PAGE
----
The J/36 was originally conceived and designed to compete without regards to any handicap rule that was popular in the 1970's and 1980's. It's primary goal was to have a fast, fun, enjoyable boat to sail that the family could enjoy.
Since then the J/36 has enjoyed success racing under the PHRF handicap system and the Caribbean Rating system. Today, J/36 rates quite favorably under PHRF (83 average) and IRC due to "old age allowances". Several owners have also converted their J/36s for cruising.
While the design concept of the J/36 is similar to J/Boats other successful "speedboats" (like the J/35) with low freeboard, wide decks for effective hiking, a high aspect fractional rig, low wetted surface, long effective sailing length for the rating, the shape is not precisely a scaled up version of either the J/24 or J/30.
Deck- Deck layout for the boat is simple yet efficient with a small cabin house and a large multi-level racing cockpit with mainsheet traveler that separates the helmsman from the crew. Steering is by tiller attached to a balanced rudder supported by Harken roller bearings.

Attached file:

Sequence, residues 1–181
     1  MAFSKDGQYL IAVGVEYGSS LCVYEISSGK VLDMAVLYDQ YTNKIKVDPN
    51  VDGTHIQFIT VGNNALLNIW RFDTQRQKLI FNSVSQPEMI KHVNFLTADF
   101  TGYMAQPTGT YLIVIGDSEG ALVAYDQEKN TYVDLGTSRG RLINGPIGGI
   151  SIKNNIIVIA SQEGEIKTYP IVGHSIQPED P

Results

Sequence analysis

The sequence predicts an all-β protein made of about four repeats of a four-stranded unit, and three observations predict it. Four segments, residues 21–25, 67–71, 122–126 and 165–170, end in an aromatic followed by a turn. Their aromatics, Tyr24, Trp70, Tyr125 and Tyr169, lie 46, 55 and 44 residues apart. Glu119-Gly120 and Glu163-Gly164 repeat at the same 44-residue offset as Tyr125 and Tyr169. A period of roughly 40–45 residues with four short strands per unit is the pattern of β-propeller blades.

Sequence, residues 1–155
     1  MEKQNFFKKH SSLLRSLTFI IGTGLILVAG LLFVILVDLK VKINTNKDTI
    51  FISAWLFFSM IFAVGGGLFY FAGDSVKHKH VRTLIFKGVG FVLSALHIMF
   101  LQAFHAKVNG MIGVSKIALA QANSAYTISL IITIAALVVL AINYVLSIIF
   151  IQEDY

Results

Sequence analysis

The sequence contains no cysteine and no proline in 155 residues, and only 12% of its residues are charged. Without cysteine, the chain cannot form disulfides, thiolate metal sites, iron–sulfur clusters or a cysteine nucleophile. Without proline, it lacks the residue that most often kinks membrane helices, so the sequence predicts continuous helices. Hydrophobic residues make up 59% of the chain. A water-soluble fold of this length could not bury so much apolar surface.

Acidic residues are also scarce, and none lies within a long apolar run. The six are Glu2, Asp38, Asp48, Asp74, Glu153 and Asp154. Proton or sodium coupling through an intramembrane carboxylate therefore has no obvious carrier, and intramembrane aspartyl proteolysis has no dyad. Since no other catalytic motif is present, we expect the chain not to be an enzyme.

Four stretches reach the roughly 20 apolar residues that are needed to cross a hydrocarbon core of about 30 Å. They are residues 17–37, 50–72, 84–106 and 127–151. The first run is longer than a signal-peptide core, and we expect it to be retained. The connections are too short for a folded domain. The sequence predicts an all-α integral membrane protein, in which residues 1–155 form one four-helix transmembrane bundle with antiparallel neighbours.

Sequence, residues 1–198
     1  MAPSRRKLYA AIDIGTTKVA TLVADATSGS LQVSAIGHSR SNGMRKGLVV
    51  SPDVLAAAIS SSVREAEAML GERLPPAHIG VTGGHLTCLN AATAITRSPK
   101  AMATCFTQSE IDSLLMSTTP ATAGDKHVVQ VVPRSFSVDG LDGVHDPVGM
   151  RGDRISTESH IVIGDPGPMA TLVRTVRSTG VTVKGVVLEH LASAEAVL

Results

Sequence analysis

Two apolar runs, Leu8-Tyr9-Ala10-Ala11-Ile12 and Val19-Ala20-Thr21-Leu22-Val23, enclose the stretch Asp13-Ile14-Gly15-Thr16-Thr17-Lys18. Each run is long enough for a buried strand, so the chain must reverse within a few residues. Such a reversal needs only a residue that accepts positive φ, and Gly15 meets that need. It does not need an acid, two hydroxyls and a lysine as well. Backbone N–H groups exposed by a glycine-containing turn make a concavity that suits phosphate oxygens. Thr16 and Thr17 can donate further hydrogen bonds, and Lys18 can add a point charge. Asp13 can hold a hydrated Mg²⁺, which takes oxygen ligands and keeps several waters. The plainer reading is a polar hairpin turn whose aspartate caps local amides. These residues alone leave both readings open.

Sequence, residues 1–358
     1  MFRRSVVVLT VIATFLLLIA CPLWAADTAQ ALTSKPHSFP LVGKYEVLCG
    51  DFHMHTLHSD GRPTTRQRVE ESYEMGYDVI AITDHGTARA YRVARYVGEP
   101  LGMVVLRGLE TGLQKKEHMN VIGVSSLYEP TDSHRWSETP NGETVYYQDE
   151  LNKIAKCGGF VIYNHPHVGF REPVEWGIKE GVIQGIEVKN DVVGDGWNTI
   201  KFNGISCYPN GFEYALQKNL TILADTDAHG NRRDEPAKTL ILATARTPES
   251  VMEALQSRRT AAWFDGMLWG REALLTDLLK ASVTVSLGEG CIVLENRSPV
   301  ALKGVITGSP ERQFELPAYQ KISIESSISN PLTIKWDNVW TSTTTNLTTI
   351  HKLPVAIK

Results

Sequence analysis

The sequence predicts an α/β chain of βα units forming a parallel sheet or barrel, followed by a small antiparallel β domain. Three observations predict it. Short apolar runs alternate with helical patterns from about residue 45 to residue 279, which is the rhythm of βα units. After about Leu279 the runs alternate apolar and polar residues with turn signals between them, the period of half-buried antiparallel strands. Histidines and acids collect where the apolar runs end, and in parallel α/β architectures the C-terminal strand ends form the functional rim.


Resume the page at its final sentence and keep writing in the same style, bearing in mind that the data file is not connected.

Interior- The layout of the interior is functional with a V-berth, walk-thru head forward, proper settee berths in the main salon aft of a centralized galley. The 18hp diesel engine is located in the center of the boat, functioning as the main cabin table, too. There are quarterberths to both port and starboard. Pipe berths were offered above each of the main settee berths to accommodate crew for offshore distance races.
Rig- The J/36 has a double spreader fractional aluminum rig with a high aspect mainsail and overlapping headsails. Running rigging is Navtec rod with open body Navtec turnbuckles.
Introduced: 1981 Built to: Hull #45 Last Model Year: 1987